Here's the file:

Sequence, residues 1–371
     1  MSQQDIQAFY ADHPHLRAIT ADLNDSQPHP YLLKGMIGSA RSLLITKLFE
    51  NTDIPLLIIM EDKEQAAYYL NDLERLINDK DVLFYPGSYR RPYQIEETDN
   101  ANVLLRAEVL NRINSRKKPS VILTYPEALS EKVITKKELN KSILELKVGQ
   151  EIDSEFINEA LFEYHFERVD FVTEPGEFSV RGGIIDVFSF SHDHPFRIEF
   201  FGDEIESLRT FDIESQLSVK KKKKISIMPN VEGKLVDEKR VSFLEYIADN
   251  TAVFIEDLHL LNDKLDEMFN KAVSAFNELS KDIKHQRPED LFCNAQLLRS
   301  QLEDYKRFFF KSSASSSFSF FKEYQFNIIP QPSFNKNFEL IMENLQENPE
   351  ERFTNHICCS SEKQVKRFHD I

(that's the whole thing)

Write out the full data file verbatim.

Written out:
Sequence, residues 1–371
     1  MSQQDIQAFY ADHPHLRAIT ADLNDSQPHP YLLKGMIGSA RSLLITKLFE
    51  NTDIPLLIIM EDKEQAAYYL NDLERLINDK DVLFYPGSYR RPYQIEETDN
   101  ANVLLRAEVL NRINSRKKPS VILTYPEALS EKVITKKELN KSILELKVGQ
   151  EIDSEFINEA LFEYHFERVD FVTEPGEFSV RGGIIDVFSF SHDHPFRIEF
   201  FGDEIESLRT FDIESQLSVK KKKKISIMPN VEGKLVDEKR VSFLEYIADN
   251  TAVFIEDLHL LNDKLDEMFN KAVSAFNELS KDIKHQRPED LFCNAQLLRS
   301  QLEDYKRFFF KSSASSSFSF FKEYQFNIIP QPSFNKNFEL IMENLQENPE
   351  ERFTNHICCS SEKQVKRFHD I